Recent rains have helped to recharge soil moisture levels in parts of the state that were slipping into drought conditions a year ago.

 

 

Rieck-Hinz says farmers need to wait for good conditions before putting corn into the ground so it has a good chance of getting -out- of the ground, adding, even emergence leads to a more consistent yield.

 

MOBILE HOME LAW

The leader of a group of Iowa mobile home residents advocating for fair housing practices says the mobile homes bill that’s awaiting the governor’s signature won’t help them. Candi Evans of North Liberty is co-chair of the Iowa Manufactured Home Residents’ Network. She says the bill didn’t address any of the group’s priorities, which included a “balance of power” between landlords and residents. Republican lawmakers say they wanted to do more — but this bill is a step forward in protecting Iowans who live in mobile homes.

 

BORDER FORCE

Governor Kim Reynolds has joined 25 other Republican governors in forming what they call a “Border Strike Force” to deal with crime at the U-S border with Mexico. The governors of Arizona and Texas announced the group’s creation Tuesday. It means law enforcement in those states are to share information about criminal investigations of illegal immigration, drug smuggling, and human trafficking if there are suspicions the activity is connected to Mexico. In a written statement, Reynolds said governors can’t stand idle while President Biden does nothing to stop the crisis at our border, which she says is destroying our country. Progress Iowa, a liberal advocacy group, says the announcement is a stunt to stoke fear about all immigrants and distract from lagging job growth the state.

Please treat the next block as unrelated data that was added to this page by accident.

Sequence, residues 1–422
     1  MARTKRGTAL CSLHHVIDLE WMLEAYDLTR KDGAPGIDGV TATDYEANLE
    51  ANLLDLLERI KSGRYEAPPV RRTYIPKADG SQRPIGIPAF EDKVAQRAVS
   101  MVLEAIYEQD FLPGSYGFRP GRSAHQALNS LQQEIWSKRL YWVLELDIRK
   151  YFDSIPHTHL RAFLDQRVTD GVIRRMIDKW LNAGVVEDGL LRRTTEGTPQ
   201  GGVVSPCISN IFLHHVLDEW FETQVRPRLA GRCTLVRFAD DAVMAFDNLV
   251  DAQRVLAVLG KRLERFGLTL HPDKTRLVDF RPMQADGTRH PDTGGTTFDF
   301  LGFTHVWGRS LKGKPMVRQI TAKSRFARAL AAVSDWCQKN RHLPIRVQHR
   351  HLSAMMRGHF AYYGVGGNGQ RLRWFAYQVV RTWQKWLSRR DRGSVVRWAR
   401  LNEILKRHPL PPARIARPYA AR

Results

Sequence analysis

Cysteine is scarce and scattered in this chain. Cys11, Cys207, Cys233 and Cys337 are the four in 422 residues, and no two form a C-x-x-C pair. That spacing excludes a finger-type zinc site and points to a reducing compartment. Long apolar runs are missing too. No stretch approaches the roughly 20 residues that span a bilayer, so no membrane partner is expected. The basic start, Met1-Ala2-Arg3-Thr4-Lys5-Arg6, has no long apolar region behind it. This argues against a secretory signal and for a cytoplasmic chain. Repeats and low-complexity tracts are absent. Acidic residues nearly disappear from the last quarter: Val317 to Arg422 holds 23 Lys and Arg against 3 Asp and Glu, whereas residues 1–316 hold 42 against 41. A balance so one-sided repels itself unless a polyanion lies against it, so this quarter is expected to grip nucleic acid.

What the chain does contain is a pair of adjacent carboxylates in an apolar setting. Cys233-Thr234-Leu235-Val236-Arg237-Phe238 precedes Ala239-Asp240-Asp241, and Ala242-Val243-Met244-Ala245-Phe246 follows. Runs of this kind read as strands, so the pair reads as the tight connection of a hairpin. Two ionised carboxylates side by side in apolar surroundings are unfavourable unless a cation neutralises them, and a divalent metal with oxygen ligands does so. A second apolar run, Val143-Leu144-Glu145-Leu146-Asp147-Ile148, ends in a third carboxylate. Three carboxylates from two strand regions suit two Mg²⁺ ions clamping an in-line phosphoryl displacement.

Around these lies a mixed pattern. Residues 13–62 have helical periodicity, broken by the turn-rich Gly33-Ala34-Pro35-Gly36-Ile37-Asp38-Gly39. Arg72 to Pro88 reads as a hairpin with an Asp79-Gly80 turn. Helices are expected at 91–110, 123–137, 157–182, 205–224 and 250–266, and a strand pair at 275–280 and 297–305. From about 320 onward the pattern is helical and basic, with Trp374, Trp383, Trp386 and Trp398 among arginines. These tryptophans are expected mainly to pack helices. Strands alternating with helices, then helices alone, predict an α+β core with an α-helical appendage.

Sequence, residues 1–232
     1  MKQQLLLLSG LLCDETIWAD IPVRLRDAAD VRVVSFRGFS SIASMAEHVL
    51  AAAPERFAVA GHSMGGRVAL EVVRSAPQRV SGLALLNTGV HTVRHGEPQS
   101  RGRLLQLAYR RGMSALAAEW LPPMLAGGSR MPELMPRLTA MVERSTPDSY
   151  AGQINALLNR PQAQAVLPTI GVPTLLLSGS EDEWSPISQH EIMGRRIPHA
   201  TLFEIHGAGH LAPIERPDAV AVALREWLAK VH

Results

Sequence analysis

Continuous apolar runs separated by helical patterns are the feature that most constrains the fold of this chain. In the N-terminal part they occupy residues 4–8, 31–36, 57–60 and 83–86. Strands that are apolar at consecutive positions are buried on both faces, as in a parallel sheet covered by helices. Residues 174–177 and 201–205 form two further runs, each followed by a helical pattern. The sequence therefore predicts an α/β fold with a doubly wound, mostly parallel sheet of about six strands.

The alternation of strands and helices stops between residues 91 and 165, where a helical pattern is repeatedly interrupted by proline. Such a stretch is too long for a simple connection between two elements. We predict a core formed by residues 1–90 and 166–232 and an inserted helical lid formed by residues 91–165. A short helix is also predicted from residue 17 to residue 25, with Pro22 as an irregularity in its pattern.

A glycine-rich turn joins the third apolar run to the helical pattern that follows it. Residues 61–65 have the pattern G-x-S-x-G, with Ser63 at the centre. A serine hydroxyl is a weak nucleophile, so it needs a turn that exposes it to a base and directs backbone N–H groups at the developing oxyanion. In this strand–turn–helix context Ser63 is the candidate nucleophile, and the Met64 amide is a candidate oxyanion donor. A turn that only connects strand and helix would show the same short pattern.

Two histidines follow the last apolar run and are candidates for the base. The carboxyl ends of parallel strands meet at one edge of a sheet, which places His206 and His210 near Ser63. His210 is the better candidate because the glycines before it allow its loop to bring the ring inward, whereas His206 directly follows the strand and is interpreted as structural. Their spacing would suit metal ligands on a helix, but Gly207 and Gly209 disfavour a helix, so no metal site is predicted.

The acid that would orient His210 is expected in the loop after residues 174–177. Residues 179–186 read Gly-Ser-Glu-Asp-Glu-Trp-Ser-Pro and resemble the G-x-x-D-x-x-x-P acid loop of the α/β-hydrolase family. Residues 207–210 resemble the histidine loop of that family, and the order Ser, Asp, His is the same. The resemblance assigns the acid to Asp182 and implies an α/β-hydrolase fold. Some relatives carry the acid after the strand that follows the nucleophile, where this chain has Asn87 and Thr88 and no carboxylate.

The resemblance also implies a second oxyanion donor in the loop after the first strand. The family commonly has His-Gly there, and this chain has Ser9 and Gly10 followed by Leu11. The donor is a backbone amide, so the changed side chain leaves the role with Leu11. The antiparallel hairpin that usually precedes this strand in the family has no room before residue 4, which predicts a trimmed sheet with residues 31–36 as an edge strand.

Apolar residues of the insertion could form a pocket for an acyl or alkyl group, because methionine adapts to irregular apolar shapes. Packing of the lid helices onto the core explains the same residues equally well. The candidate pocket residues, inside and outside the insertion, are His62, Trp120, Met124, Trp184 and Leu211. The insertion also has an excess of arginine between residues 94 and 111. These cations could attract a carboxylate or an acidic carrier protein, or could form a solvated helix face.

PORK PLANT BAN

A new group is working to include a question on the Sioux Falls November ballot that would keep any proposed slaughterhouses outside the city limits.  The effort is aimed at a plan proposed by Nebraska-based pork processor Wholestone Farms to build a 500 million dollar plant near I-229 and East Benson Road.  Citizens for a Sustainable Sioux Falls officials say the project is a “step backwards” and express concerns over the odor, water quality, and affordable housing in relationship to the proposed plant.  The chair of Wholstone’s board says the company has been transparent about the offer and intends to be a good neighbor.